Earlier in May, a shocking report released by CHANGEIndia, a centre for advocacy and research, had left the Tamil Nadu Government red-faced. An investigation by the group revealed that minors from a children's home in Ambattur were being sexually abused, occasionally starved and forced into child labour.
The state Government failed to respond, until the National Commission for Protection of Child Rights intervened, demanding necessary action be taken against the illegally run childcare home.
Following this, Thiruvallur district authorities were forced to spring into action, last week. Except, their version of 'rescuing' children, meant dumping them unceremoniously in yet another child care home, The News Minute has come to learn.
Sevalaya, a registered charitable trust in Thiruninravur has been given the responsibility of taking care of 38 children who have been rescued from Balagurukulam in Ambattur. "This is third time in two years that children from illegal institution have been sent to Sevalaya. We are told just half an hour ahead of time and asked to send a vehicle to pick up the children," says V Muralidharan, founder of Sevalaya.
"We are not given even the birth certificates and transfer certificates of these students. This means, they can't be enrolled in the school run by the trust, when it opens this coming week," he says.
The horrors in the children's home
According to ChangeIndia's report, these children may face bigger problems than admissions in schools.
The owner of the child care home, Ranjith, allegedly stayed with the girls in the institution during the night. â€śThis is a major violation and gives rise to the suspicion that children might be getting abused sexually. One of the inmates presently residing within the child care home has even alleged that she is made to stay with Ranjith during the nightâ€ť, says the report.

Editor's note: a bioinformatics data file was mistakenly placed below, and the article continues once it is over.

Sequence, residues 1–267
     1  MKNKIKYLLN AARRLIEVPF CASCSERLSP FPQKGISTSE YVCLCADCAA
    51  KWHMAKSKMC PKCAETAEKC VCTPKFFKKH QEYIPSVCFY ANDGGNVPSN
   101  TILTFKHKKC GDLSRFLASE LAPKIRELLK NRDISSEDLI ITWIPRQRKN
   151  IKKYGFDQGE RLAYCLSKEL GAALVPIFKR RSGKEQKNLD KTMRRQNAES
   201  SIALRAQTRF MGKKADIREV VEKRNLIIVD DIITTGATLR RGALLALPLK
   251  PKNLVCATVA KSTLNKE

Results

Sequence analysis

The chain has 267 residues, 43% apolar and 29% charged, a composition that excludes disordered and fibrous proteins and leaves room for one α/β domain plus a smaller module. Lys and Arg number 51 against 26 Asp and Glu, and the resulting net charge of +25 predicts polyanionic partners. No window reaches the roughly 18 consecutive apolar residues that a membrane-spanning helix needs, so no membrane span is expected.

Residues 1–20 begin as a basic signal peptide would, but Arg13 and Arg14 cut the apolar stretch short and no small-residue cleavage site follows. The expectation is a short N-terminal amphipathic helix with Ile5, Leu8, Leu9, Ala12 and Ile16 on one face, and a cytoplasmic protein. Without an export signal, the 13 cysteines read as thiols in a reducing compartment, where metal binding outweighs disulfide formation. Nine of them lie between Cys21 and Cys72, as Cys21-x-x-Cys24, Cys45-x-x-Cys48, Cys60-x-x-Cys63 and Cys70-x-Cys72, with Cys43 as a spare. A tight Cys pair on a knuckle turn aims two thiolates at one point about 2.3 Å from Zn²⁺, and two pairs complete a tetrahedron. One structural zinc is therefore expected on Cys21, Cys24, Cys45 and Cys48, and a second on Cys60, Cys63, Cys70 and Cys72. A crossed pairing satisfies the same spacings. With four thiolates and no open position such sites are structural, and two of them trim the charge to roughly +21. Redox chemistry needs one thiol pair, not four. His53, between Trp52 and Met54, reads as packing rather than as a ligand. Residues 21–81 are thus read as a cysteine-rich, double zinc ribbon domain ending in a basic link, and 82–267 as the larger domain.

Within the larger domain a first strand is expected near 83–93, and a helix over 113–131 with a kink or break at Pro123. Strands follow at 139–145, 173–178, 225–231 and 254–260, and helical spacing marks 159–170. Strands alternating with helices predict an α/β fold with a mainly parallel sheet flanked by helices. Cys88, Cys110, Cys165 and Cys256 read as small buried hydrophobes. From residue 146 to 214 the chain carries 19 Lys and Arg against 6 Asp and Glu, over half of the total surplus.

The children were further used as child labourers in the construction of an illegal school named 'Guruju Vivekananda Vidhayalaya' owned by Ranjith. They were made to wash vessels and clean the entire campus, the report alleges.
"We believe that several of the girl children may have been sexually abused. The social welfare department must have ensured that they are immediately taken to hospitals for medical examinations and even to gynaecologists," says the Director.
"Several of the children are suffering from malnutrition. They need to be checked for diseases. What more, they were physically abused in the home and require counselling and psychological aid. The social welfare department has done nothing," he said.
When TNM enquired with Sevalaya about the need for children to be counselled, the organisation claimed that they had been given no reports of abuse by the District Collector's office. "We don't know what happened before they came here. Our responsibility is to ensure that they are happy once they come to this home. We don't have details of abuse," says the founder.
To make matters worse, these 38 children from 'Balagurukulam' are not alone in this struggle for rehabilitation.
The reality of rehabilitation
A year after the social defence department became the sole authority to grant licences for child care institutions in Tamil Nadu, a large scale crack down on illegal home is underway in the state. 554 unregistered homes had been closed down and another 300 had been identified as illegal.
In November last year, the Madurai bench of the Madras High Court revealed that over 9000 children were lodged in 194 illegal child care homes under its jurisdiction alone.
"90% of these children's care homes are a scam and centres of exploitation. Even putting them up in other homes was only supposed to be a temporary measure. But authorities just want to make it seem like they have taken some kind of a step," says the CHANGEIndia Director.
Official records of the department state that there are presently 1,113 registered homes for children and if we were to go by Sevalaya's example, they don't receive any Government help after taking in additional wards.
"We depend completely on donations for our funds. With over 30 students, suddenly being introduced to the system, we can't create resources overnight," says the Sevalaya founder. "The Government has set norms about how much food, water and even space should be allocated to every child. How can we manage without aid? We are currently facing financial stress," he admits.
Multiple attempts, by TNM to contact the Tamil Nadu State Welfare department, went unanswered.